China will abolish export duties on some grains and industrial products and cut the duties for chemical fertilizers and nonferrous metals from July 1 to promote exports, the Ministry of Finance said in a statement Monday.
The Customs Tariff Commission of the State Council will eliminate the export tariffs for wheat, rice, soybeans, vitriol and steel wire. Grains are now subject to a 3-percent export levy.
Special export tariffs of 50 percent on chemical fertilizer and fertilizer raw materials including yellow phosphorus, phosphate rock and phosphoric acid are expected to be canceled.
Export duties for some nonferrous metals including molybdenum, tungsten and indium will be halved to 5 percent, the statement said.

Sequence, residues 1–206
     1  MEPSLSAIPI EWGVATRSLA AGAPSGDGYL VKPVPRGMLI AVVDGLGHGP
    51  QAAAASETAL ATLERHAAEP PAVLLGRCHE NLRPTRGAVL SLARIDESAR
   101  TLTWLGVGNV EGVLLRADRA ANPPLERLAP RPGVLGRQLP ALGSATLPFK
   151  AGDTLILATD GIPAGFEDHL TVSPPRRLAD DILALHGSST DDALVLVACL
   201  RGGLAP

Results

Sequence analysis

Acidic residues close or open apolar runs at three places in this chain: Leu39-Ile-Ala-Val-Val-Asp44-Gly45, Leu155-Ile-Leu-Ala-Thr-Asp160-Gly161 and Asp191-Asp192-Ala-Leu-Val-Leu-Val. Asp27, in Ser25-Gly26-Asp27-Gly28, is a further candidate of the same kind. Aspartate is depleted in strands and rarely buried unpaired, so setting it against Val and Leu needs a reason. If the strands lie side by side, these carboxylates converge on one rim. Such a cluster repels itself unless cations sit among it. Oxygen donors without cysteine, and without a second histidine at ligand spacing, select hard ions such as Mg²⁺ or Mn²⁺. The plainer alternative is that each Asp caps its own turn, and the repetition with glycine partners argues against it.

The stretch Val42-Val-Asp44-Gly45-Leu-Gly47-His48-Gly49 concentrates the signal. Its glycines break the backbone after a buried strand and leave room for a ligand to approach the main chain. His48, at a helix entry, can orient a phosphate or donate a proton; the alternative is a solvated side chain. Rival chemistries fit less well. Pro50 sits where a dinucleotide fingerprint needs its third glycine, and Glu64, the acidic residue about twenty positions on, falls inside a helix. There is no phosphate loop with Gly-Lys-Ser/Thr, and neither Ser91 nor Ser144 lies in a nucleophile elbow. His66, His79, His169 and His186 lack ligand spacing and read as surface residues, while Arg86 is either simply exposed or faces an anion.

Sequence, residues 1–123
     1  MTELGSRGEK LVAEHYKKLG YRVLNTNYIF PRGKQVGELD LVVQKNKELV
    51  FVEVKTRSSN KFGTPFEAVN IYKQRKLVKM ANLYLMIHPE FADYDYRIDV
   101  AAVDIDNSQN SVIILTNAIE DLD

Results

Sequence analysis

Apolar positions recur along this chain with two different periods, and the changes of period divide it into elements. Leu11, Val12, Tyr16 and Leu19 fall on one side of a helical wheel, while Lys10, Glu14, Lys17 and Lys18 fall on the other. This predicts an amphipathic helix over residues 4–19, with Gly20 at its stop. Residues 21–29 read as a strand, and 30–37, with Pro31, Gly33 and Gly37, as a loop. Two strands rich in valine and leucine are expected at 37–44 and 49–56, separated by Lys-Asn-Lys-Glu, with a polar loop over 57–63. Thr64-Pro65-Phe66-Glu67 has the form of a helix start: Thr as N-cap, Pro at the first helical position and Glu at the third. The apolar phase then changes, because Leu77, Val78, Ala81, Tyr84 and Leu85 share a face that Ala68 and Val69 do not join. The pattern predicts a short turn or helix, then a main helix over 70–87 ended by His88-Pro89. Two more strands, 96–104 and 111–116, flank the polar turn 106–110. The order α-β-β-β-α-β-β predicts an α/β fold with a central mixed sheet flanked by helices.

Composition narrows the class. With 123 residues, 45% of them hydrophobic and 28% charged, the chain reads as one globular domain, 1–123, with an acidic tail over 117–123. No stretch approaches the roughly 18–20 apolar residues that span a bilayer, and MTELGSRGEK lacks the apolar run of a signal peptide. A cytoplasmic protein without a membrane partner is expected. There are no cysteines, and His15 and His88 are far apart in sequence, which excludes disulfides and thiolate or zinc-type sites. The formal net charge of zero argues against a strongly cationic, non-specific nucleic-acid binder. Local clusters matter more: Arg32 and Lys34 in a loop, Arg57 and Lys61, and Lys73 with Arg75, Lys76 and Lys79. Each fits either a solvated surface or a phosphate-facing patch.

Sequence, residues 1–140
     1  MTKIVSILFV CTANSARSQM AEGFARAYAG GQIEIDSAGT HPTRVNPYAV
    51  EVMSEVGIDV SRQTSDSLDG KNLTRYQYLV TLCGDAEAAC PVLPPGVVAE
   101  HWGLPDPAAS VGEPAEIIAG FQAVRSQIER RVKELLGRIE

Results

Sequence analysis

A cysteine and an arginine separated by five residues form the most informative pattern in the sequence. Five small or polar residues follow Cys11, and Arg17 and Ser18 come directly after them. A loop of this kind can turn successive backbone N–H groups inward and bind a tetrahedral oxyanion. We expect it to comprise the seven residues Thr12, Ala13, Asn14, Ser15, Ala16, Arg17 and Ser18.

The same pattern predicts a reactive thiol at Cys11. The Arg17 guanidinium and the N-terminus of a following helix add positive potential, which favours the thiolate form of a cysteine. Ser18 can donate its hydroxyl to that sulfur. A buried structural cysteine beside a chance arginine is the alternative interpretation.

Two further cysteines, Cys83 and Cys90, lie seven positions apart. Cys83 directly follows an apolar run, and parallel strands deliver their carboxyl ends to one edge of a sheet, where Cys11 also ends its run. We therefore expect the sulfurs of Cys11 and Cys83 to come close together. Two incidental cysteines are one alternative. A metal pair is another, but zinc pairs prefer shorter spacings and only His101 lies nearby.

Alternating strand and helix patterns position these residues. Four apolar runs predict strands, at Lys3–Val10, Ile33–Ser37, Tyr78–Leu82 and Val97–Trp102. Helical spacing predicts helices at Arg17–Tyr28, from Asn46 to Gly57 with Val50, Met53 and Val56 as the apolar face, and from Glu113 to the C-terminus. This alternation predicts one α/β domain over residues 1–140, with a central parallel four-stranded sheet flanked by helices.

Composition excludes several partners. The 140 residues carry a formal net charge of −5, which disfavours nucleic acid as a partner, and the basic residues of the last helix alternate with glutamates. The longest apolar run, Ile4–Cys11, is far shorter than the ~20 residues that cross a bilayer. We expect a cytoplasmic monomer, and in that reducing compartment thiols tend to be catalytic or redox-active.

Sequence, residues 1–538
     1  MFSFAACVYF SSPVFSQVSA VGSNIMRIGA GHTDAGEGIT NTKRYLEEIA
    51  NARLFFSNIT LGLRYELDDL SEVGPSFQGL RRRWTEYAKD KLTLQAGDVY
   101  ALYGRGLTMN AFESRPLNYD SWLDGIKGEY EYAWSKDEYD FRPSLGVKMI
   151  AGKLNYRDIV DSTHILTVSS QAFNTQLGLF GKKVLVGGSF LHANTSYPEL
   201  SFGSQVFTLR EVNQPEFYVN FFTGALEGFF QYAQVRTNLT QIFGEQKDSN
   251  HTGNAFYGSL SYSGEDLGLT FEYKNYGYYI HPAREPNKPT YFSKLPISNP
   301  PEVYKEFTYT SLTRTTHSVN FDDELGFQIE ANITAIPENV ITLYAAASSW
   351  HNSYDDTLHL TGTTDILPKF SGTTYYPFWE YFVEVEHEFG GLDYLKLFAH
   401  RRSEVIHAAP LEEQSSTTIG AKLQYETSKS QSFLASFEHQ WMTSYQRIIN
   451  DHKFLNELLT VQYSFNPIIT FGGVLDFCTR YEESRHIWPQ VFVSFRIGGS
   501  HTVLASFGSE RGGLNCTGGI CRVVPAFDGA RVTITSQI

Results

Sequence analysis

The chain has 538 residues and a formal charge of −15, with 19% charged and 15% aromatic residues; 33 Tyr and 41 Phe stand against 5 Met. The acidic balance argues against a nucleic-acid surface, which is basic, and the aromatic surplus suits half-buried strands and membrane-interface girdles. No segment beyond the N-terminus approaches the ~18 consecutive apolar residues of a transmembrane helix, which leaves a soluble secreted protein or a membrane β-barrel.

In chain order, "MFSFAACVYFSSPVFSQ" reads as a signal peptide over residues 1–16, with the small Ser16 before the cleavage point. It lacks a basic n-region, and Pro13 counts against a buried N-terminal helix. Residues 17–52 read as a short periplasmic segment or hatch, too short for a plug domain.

The move follows several increases in export tax rebates to support overseas sales amid the global downturn. Since last August, China has increased export tax rebates seven times.
Exports fell 26.4 percent in May from a year earlier to 88.758 billion U.S. dollars, following a decline of 22.6 percent in April.
Exports in the five months to May totaled 426.14 billion U.S. dollars, down 21.8 percent.
(Xinhua News Agency June 22, 2009)